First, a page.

Caress of the Gaze Cape | Behnaz Farahi

Caress of the Gaze Cape

Are you fed up with the creepy looks of certain individuals who make it a habit of invading your comfort? Do you feel the need for ‘something’ that allows you to wear whatever you wish without any uninvited exposure? It seems as if Behnaz Farahi has an answer to such worries. While working for Autodesk as a part of a project, she has developed a Neck cape outfit named ‘Caress of the gaze’, which can mold its form according to the eyes of the viewer. Farahi is an architect as well as an Interactive Fashion designer. She developed this outfit while working for Pier 9’s artist-in-residence program of Autodesk co-sponsored by Mad workshop foundation. It is a 3d-printed outfit with almost life-like properties and is supposed to act as an artificial skin. The material used in making this neck cape is actually a combination of multiple materials and their properties thus allowing it to inherit various tendencies.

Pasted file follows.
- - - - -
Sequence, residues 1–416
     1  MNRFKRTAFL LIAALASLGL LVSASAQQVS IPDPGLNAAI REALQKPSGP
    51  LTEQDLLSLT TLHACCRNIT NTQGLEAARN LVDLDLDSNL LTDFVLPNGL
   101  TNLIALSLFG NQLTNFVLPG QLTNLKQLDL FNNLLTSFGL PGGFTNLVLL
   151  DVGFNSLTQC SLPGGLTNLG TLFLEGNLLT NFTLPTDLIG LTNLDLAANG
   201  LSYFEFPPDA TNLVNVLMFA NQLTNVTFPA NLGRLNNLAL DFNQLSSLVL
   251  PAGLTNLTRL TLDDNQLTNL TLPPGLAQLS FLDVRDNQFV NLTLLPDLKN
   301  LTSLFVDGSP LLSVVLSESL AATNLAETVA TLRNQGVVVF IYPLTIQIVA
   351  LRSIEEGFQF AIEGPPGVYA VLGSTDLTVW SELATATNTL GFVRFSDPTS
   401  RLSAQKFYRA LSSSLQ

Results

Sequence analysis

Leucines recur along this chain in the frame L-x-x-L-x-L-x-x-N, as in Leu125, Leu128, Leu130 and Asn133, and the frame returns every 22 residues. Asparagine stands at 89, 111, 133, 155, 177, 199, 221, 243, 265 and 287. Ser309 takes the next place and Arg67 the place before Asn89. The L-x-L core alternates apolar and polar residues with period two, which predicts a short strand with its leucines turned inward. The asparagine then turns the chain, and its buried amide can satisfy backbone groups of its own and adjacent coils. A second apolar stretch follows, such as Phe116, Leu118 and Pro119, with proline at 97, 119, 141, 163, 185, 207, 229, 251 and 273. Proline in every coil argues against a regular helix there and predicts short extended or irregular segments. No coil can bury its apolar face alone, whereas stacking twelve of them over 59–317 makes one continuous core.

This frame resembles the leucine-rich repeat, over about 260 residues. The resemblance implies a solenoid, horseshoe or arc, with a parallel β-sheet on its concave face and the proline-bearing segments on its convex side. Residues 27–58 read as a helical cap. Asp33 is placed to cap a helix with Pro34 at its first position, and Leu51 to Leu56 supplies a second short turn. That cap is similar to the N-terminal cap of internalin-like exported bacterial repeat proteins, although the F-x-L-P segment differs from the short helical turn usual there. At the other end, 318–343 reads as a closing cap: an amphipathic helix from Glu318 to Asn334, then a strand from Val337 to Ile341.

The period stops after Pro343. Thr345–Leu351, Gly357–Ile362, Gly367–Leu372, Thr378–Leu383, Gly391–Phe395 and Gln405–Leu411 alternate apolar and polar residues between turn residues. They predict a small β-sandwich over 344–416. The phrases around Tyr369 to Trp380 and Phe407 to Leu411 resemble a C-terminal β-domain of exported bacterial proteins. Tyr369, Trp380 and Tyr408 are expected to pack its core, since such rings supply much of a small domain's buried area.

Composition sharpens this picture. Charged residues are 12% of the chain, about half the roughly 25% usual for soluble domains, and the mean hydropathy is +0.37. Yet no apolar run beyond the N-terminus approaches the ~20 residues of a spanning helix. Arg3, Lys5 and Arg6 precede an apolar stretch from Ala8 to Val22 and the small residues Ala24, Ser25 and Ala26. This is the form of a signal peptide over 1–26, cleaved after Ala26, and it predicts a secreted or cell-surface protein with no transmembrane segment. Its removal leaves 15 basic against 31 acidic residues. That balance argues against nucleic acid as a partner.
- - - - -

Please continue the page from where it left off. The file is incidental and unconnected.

According to Farahi,

“This project was inspired by nature both in terms of its morphology and behavior, especially various reptile and animal skins, such as snake and fish scale systems. This technology allows the fabrication of composite materials with varying flexibilities, densities, and can combine materials in several ways with different material properties deposited in a single print run. Inspired by the flexible behavior of the skin itself, this outfit, therefore, exhibits different material characteristics in various parts of the body ranging from stiff to soft.” Overall, this neck cape is an attempt to combine art and technology with fashion to create innovative and interactive clothing. Although not practically implementable enough, it is still an advancement in the ‘fashion+tech’ field and might lead to some concrete and mass-attracting trend.  At this point though, one must admit to the fact that fashion is still much more about aesthetics and comfort, and till the time technology doesn’t run in sync with them, experiments such as this tend to remain simply prototypes.

By: Vaibhav Sharma
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